In the movie Pay It Forward, a seventh-grade boy named Trevor comes up with an idea to change the world. He helps three people with big things they can’t do themselves. In turn, they are not allowed to pay him back, they must pay it forward; three big favors for three other people. His mom Arlene is a part of the chain. One of her big favors is for her mom, a homeless alcoholic who she hasn’t seen in three years. In a powerful scene, Arlene meets with her mom and says, “All of things that happened when I was a kid. All of the booze and the men, all of the things that happened while you weren’t looking. Here’s the thing…I forgive you.” Her mom exhales and you can see the weight begin to depart her.
Giving forgiveness is both difficult and beautiful. When we forgive, we set healing in motion. [Tweet This] The opposite deepens wounds and disconnection. Instill in your children the ability to forgive and let go. It will bring them peace in their lives and relationships. Here are 10 ways to teach your child how to forgive.
1. Sibling Arguments
All siblings bicker and fight. This provides the perfect training ground for giving and receiving grace. Kids need to learn reconciliation. Train them how to do it and be consistent in reinforcing the principles of forgiveness with even the smallest issues.
2. Unconditional Forgiveness
Teach your kids to forgive regardless of the other person’s response. What matters is that your child has feelings that need to be released. Unconditionally forgive even when it’s not reciprocated.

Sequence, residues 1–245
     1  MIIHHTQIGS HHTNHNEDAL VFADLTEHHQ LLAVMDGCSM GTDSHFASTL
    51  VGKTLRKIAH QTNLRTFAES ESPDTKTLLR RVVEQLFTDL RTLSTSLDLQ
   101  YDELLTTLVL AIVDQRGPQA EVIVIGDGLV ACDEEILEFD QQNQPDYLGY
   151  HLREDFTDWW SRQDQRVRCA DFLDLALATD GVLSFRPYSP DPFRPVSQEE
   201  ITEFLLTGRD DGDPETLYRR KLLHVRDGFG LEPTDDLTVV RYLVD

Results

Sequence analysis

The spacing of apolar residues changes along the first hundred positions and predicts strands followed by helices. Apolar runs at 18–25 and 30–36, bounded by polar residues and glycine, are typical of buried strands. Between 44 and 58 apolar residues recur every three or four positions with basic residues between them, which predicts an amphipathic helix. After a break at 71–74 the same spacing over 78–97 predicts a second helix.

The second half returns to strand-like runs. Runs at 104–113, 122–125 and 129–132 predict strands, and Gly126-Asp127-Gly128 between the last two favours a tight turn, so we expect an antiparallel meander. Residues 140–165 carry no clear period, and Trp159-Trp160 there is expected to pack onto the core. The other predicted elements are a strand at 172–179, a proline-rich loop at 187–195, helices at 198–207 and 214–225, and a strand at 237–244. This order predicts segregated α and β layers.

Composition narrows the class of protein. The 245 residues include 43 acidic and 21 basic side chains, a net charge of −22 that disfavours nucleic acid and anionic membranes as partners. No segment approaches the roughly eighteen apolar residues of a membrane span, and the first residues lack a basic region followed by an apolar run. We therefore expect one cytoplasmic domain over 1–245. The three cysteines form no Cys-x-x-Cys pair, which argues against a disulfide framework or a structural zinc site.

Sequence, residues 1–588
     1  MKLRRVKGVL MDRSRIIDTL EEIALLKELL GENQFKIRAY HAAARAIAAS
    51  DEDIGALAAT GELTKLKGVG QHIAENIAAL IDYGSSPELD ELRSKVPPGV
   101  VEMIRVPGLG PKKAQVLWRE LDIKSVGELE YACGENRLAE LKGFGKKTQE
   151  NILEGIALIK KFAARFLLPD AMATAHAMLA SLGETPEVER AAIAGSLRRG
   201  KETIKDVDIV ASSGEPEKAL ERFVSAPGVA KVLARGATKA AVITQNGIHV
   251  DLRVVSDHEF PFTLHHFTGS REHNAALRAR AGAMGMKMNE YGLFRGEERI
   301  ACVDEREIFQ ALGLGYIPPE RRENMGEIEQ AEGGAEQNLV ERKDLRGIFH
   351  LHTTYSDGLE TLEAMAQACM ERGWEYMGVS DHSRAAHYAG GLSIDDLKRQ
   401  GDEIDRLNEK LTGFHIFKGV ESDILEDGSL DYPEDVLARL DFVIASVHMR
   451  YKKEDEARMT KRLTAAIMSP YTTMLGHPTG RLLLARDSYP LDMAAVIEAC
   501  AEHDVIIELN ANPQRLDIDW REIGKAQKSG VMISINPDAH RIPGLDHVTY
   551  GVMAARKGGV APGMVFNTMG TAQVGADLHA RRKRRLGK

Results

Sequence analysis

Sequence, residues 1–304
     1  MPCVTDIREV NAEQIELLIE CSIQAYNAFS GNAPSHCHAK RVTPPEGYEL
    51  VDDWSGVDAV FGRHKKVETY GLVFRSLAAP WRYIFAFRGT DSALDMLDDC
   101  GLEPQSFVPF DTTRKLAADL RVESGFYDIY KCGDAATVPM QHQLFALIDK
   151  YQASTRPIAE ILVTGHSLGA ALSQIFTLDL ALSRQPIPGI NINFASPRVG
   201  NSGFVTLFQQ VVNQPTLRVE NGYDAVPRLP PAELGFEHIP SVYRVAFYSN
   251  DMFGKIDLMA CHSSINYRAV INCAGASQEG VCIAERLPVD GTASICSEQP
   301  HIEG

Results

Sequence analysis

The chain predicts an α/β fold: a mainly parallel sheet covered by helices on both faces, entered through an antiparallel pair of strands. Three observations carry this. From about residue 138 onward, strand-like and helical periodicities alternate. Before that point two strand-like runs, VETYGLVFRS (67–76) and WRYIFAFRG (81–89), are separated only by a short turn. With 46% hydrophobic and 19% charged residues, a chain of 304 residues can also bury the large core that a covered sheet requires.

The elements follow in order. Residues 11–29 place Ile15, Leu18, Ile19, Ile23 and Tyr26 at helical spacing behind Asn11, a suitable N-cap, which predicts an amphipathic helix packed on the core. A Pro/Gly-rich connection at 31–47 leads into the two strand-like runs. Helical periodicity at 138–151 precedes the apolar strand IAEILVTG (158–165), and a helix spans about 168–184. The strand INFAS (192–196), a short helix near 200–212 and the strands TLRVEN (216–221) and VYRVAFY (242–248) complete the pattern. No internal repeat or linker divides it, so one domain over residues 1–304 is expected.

3. It’s Not About Being Right
When you forgive someone, it should never be about being right. It’s about the relationship being right. Teach your kids to care more about that.
4. No Stipulations
By placing stipulations on our forgiveness, we are not truly forgiving. “If you make my bed for the next week I will forgive you.” That’s extortion, not forgiveness. Forgiveness is given without expectations or conditions.
5. Give It Time
We can’t make our children forgive someone. If we pressure them to say something when they don’t mean it, nothing gets solved. Explain the importance and the benefits of forgiving, however, the actual act must come from their heart and not our demands. Give it time.
6. Teach Perspective
We tend to only see our side of an issue. We need to teach our kids to be able to see things from the other side. Our side is only part of the story. Forgiving is much easier when we know the whole story and not just half of it.
7. Don’t Be Held Back
What do you gain by holding a grudge? Feelings of resentment keep us from moving forward. We end up stuck in emotions from past experiences. Bitterness lurks below the surface ready to rear its ugly head. Forgiveness releases it and gives us a clean slate for new experiences and emotions.
8. The Inside Eventually Comes Pouring Out
If you are filled bitterness, then that’s what you’ll give others. You can’t get clean water from a dirty source. Fill your heart and mind with peace and forgiveness, so you’ll be ready to pour that into others.
9. Teach Them To Serve
Volunteer at a homeless shelter. Go on a mission trip where they can learn to serve others. Giving forgiveness takes humility. Build a spirit of humility by being mindful of the needs of others.
10. The Golden Rule
“Treat others as we wish to be treated ourselves.” Ask your kids how they would want someone to respond when they did something wrong. They would want to be forgiven. Then tell them to do likewise.
Huddle Up Question
Huddle up with your kids and ask, “How would you want a person that you have wronged to respond? Would you want them to forgive you?”